Oh, the explosive outbursts that shatter the peace of our homes! For many parents, it’s the dreaded tantrum that keeps them walking on eggshells all day long. Or keeps them from having company or arranging playdates for their child. Sometimes your kid just goes off for no apparent reason. You made macaroni and he wanted a hot dog. You gave her the blue cup and she wanted the red one. You’d think you just cut her leg off! The child falls to the floor, wailing—or worse, lashes out violently, like a tornado of destruction. What do you do now? Nothing? Well, not quite.
Understanding the Problem
Statistics show that toddlers are the most violent humans on earth, with an act of aggression happening as frequently as every three minutes. Okay, that’s depressing news. The point is, there is a developmental piece at play here. Tantrums peak at around age three, partially because kids are still learning to emotionally regulate, still learning to communicate and still building coping strategies and problem-solving skills. At the same time, they are living large and pushing the boundaries on growing their autonomy and mastery, which, not surprisingly, are still fairly limited. All in all, it’s a time of high frustration.
When something doesn’t go the child’s way, she expresses her anger over the reality of the situation by exploding. “I don’t like it, I don’t want it! This is not how I wanted things to go! I want my way.”
Tantrums are an active, outward display of power in the form of protest.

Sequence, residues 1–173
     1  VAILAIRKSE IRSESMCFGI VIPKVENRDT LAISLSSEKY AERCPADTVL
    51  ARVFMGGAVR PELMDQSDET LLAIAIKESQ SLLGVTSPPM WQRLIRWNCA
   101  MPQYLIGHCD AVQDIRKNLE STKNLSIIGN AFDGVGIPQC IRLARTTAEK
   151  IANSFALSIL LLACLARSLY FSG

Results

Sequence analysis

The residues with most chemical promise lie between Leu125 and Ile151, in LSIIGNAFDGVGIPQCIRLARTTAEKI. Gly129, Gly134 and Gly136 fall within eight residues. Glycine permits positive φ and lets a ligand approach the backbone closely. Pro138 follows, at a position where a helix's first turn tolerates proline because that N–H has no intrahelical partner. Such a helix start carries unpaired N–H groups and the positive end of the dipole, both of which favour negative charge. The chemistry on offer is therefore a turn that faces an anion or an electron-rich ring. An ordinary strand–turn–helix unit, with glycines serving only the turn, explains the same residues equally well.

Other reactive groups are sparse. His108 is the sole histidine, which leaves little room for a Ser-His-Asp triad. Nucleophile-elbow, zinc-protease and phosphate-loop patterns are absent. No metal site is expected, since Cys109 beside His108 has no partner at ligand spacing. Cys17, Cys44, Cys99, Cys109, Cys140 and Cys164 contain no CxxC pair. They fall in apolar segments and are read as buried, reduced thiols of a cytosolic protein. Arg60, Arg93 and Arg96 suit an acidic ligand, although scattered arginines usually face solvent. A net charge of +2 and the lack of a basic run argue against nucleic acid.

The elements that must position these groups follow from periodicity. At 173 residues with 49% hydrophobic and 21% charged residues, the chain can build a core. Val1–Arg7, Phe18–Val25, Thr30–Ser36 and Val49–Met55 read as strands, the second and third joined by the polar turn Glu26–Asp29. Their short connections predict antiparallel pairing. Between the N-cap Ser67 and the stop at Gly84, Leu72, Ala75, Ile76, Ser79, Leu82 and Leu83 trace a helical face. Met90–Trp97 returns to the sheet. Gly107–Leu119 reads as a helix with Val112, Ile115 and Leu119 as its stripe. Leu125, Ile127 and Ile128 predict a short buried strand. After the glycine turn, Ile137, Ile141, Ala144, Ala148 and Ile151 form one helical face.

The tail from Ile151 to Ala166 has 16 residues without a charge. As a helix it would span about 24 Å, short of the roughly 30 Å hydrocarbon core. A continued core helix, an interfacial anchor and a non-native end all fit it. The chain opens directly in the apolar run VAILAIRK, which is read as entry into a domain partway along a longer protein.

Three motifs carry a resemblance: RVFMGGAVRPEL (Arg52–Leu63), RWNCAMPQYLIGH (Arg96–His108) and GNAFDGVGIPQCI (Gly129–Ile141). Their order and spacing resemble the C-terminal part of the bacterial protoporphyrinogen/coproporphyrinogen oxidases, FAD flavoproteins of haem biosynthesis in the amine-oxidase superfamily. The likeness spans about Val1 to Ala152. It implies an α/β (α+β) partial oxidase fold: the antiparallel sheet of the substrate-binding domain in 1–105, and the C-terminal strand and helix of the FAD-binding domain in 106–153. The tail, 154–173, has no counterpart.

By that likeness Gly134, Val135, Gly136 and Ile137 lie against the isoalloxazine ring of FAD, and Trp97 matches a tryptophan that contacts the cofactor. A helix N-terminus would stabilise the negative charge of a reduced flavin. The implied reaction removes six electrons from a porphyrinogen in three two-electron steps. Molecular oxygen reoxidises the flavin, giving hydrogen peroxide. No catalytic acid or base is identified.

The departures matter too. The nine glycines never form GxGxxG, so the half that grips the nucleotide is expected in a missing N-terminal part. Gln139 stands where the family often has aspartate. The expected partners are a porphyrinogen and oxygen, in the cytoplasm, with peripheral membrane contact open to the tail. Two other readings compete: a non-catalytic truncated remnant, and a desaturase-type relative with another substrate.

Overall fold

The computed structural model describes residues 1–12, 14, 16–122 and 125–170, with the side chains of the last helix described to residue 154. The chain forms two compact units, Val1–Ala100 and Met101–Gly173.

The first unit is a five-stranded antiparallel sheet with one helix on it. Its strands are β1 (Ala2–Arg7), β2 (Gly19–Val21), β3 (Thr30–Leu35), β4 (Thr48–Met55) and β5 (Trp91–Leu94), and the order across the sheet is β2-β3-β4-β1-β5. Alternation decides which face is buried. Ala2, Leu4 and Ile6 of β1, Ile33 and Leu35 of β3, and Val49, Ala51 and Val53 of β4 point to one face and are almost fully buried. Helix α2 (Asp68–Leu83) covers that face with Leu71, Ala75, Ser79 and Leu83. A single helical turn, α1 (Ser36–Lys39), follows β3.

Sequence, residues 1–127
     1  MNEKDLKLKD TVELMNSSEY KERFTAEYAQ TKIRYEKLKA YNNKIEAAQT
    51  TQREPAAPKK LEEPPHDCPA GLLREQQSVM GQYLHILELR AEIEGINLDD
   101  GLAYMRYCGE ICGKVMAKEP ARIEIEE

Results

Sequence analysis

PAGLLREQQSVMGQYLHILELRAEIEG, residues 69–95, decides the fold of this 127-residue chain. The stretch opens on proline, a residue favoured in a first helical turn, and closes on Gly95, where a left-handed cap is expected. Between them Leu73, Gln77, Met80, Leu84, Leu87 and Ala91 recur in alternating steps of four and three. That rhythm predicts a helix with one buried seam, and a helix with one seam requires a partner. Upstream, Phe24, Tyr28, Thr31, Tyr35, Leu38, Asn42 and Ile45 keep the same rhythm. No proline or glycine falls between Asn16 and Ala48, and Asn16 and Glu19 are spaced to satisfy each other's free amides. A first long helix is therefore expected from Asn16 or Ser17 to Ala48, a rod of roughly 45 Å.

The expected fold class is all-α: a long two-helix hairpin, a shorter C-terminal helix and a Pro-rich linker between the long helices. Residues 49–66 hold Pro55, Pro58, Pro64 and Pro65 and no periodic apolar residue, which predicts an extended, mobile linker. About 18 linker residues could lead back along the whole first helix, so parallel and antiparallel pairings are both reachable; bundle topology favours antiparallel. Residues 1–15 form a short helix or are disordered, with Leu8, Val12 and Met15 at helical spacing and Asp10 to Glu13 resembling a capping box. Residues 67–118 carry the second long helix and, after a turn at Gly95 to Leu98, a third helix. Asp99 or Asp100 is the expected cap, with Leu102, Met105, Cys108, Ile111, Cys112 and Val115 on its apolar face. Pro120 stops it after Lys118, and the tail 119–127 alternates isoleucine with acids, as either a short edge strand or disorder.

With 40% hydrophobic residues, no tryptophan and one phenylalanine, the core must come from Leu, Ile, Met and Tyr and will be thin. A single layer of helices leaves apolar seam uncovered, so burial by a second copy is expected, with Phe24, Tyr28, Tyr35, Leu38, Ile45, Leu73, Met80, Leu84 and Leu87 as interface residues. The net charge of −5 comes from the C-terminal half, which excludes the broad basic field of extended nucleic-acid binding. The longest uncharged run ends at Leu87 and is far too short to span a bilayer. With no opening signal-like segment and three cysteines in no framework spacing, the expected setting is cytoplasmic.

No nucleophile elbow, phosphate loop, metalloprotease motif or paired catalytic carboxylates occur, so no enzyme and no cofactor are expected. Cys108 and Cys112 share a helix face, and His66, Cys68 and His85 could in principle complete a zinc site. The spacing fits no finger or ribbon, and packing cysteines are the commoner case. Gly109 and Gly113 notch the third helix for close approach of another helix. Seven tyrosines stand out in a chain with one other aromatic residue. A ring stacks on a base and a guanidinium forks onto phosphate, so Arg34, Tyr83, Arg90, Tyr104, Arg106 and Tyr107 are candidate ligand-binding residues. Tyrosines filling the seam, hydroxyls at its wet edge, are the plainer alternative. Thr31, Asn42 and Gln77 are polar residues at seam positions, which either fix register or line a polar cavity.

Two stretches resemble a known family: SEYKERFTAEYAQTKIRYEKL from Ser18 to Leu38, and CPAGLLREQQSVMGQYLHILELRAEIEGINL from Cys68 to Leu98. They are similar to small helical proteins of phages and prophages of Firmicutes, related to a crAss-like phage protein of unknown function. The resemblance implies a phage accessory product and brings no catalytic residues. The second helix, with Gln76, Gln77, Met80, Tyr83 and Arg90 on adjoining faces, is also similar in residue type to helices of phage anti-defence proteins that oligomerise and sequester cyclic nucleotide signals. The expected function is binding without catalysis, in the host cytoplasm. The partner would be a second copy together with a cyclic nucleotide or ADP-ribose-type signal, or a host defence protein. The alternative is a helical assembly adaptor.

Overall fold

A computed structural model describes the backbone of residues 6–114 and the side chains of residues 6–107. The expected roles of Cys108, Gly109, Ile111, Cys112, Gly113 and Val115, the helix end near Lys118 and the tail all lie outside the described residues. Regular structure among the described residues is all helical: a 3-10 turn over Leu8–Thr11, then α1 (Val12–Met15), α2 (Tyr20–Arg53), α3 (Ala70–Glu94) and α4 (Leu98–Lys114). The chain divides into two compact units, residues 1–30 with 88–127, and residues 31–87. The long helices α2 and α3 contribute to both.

Once a tantrum has started, the best strategy is to remain calm and let it run its course. Indeed, you’re best to concentrate on eliminating tantrum triggers, some of which you may not even be aware of— hence, the feeling that the tantrums happen out of the blue. Not so. Let’s look at some factors and be proactive.
I’ve broken the solutions down into four time frames:
1. About to blow
3. After blow
4. Preventative measures (between blowups)
1. About to Blow
Don’t cave! If you change the rules because of someone’s mood, he’ll use tantrums as a form of manipulation. Hold firm, but stay pleasant.
Practice active listening. Quickly, right when it looks like your child may wig out on you, drop to eye level, maybe touch him lovingly (if he doesn’t recoil) and verbalize what the child is feeling and experiencing: “You’re disappointed. You really wanted that tower of blocks to be much higher and it fell down on you. How frustrating!” “Ah, we are having such a good time at the park and it’s hard to stop having fun—that is so maddening!”
“Your ice cream fell off the cone! You were enjoying that cone so much, and looking forward to the next lick, and now it’s a mess on the ground. How disappointing!”
Active listening helps develop emotional intelligence by giving names to feelings. It also helps your child feel that you actually “get” what he is experiencing so he feels affirmed and emotionally supported.
This paves the way for being better able to calm himself down.
Move you, not them. There is no reasoning with a child in meltdown. Don’t be upset with him, and don’t try to hold and soothe him. Research proves that only increases the time it takes until he settles down.
Instead, move away from the storm. It’s always better to remove yourself from the situation than trying to move the child, which will only intensify the situation. Bring the child a stuffed animal or make some other gesture to show you are not angry and that you want him to be able to find a way to self-soothe and self-calm.
Maybe a quick rub on the back, with: “It’s okay to be upset, come see me when you’re calm.” Then get out of there.
But What If . . .
If I move, he follows me!